Charleston - The Horror of Hatred

I don’t even know how to accurately describe my feelings right now. I guess “grieved” sums it up best…deeply grieved. Yesterday in Charleston, South Carolina, a gunman entered a peaceful church gathered for Wednesday night prayer meeting, sat in the congregation for a good part of the service, and then rose to shoot 9, peaceful people in cold blood. I’m stunned at the cruel, dark, hate that must reside deep in the heart of the shooter. Evil…this is pure evil on display for all to see.

As a pastor, I can’t help but identify with this congregation. My heart goes out to the families of those killed, and to this congregation who lost their pastor along with 8 other brothers and sisters. The fact that this was apparently racially motived adds another layer to the fear and horror that this congregation must be experiencing. There was no reason, no issue…no conflict that led to this killing. No, they just happened to be a black church.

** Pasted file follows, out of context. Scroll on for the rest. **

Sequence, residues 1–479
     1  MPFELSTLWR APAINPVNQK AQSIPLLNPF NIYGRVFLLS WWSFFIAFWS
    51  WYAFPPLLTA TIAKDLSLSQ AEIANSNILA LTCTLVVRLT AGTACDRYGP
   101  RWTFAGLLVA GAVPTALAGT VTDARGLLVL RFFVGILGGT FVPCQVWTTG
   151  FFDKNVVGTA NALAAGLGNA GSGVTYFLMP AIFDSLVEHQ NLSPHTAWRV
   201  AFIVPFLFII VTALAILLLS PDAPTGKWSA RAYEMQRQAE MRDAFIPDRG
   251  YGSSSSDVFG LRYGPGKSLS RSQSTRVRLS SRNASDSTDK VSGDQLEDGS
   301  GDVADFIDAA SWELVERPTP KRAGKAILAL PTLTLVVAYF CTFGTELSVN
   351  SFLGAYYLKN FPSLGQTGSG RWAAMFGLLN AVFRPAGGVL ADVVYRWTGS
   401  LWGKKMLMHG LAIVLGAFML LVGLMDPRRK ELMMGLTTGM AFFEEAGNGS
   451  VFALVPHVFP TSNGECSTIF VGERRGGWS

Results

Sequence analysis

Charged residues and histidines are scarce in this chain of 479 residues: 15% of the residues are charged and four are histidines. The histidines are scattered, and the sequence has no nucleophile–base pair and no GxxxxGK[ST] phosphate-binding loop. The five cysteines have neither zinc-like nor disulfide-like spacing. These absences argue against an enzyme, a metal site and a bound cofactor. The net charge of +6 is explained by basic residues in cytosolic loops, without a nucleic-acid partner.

I want to write this off as the horrible, random acts of a lunatic…but I can’t. This was most likely a hatred that had been fed and fostered over a lifetime, culminating in one final act of violence and desecration.

What am I supposed to do with what I feel? I refuse to listen to the crass and callous posturing of those who would try to politicize this issue to further their agenda. I recommend you tune them out, as well. No…my heart is drawn to pray…for the Emanuel AME church, the city of Charleston, and for our nation. I pray for comfort and healing, and for God’s incomparable peace to guard our hearts and minds. It’s also an opportunity for us to take an honest and prayerful look within, and let the Spirit of God reveal any seeds of hatred that might take root.

While we are tempted to look away from the unfolding tragedy in Charleston, we mustn’t. No, we need to take in every detail, because this is where hate ultimately leads. What we are seeing is the mature fruit of hatred on full display. Jesus said if we hate, it is like we are committing murder in our hearts! The answer to hatred is never more hatred, but love. I would caution each of us...don’t let righteous anger, or even a healthy desire for justice, become a façade for hidden hatred. Lord, we pray for peace in Charleston and in America. And Lord, may you bring Your peace to our hearts. Amen.